CHICAGO -- The opponent was legendary. The temperature fell into the wind-blown 30s. A howling, hostile crowd filled a sacred old stadium. The challenge was all ways enormous here for the University of Miami football team Saturday night.
And yet none of that intangible stuff beat UM. Neither the atmosphere nor the elements conquered the Hurricanes.
If only such easy excuses were available.
The Hurricanes beat themselves, first, and then the Notre Dame Fighting Irish took over and did the rest. The combination — Miami mistakes and the opponent’s might — fashioned a 41-3 rout by Notre Dame that instructed the young Canes on exactly how far they remain from the return to elite status this program seeks so hungrily.
If this was a measuring stick, it just slapped UM upside the head.
What has to hurt a Canes fan as much as the defeat itself is that on a night when the opportunity was as big as the stage, this was a game completely and thoroughly lost as a once-great old rivalry renewed itself on national TV from Soldier Field.
The Miami offense that has mostly looked so dominant this season was humbled and buried by Notre Dame’s vaunted defense.
And the Canes defense, a problem all season — at times embarrassingly bad — was run over, through and around by an Irish offense that (you wouldn’t know it) had been struggling. Notre Dame rushed for 379 yards against a school once renowned for run defense. Warren Sapp and Cortez Kennedy had to be shaking their heads. The tears in heaven were Jerome Brown’s.
Former UM stars Edgerrin James and Clinton Portis were on the sideline before the game exhorting the current troops. Better they should have been out there trying to help tackle Notre Dame’s running backs. The chilly weather didn’t stop UM coach Al Golden from eschewing a jacket and going with his trademark white shirt and tie. He wanted to set an example. Asked if he worried his players would be huddle around sideline heaters, he said, “I hope we’re just tough enough to go out and play.”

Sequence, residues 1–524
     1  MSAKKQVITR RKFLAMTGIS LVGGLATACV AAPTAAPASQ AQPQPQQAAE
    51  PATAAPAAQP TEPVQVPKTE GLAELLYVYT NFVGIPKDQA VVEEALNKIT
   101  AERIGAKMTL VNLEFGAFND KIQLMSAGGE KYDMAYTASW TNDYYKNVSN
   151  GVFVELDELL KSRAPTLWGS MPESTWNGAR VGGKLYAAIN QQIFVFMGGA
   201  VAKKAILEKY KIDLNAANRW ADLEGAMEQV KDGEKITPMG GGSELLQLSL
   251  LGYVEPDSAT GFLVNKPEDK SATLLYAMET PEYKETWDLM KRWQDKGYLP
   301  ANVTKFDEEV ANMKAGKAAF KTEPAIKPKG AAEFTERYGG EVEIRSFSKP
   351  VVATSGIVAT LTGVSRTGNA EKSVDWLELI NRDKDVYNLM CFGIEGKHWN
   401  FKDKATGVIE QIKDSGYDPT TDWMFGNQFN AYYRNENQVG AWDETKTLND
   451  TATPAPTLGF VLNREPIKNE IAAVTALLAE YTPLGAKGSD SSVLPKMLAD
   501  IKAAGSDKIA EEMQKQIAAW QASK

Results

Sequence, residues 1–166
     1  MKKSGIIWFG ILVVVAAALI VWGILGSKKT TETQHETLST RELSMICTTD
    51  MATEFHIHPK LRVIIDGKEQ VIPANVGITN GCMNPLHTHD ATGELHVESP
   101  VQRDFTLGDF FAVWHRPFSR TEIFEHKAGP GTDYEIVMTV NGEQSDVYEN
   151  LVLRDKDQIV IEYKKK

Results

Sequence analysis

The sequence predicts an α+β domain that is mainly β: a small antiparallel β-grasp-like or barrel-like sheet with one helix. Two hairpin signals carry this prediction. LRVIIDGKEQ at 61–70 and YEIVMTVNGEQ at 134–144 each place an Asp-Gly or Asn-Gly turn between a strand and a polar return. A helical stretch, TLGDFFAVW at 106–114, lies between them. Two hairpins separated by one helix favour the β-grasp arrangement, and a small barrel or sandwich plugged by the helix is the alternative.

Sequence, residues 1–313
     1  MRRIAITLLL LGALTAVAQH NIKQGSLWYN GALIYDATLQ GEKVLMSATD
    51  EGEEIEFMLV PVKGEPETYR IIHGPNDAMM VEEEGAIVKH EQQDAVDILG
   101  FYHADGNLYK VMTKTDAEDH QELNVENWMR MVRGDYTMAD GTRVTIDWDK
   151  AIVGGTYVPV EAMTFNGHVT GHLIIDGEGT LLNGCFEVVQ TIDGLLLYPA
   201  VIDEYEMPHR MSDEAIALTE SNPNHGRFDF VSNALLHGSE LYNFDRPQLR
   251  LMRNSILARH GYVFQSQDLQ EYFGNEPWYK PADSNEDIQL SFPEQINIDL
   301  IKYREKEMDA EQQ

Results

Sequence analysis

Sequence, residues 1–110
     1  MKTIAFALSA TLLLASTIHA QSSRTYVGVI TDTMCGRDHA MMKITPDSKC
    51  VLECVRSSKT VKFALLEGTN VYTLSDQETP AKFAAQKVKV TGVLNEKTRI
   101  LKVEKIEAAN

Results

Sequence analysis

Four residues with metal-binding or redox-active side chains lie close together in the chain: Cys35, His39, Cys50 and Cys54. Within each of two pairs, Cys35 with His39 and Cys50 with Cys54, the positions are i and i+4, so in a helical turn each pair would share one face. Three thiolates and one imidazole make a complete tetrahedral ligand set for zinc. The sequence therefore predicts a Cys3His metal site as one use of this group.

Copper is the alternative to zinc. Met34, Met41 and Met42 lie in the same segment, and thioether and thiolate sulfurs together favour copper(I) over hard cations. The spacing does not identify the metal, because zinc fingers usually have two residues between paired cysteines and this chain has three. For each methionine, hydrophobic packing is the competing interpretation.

They were tough.
Just not good enough.
Golden, student of college football history, had called this a “special day.” The kind that “creates memories.”
If only many of those that shaped Miami’s loss weren’t the kind the Canes would rather forget.
So many early wounds all were self-inflicted.
The first play of the game was a likely 72-yard Stephen Morris touchdown pass that Phillip Dorsett let fall to the ground. Later in that series Dorsett would drop a perfect pass in the end zone.
A roughing-the-punter penalty against Miami and then a personal foul would help Notre Dame to its first touchdown.
A Miami holding penalty would erase a 13-yard TD run by Morris.
A Canes possession that started at the Irish 35 was squandered, expiring with a Jake Wieclaw field goal try that knuckled and wobbled horribly short and left.
A defensive personal foul gave the Irish a first-and-goal that turned into a TD.
The mistakes became a small parade, but the grand marshal was that initial drop. You have to wonder how the game might have been different had Dorsett made that first catch. Had a big crowd been stunned silent so soon. Had the Irish trailed in a game for the first time all season.
I don’t mean to pick on Dorsett. He was the team’s last-minute hero only one week earlier.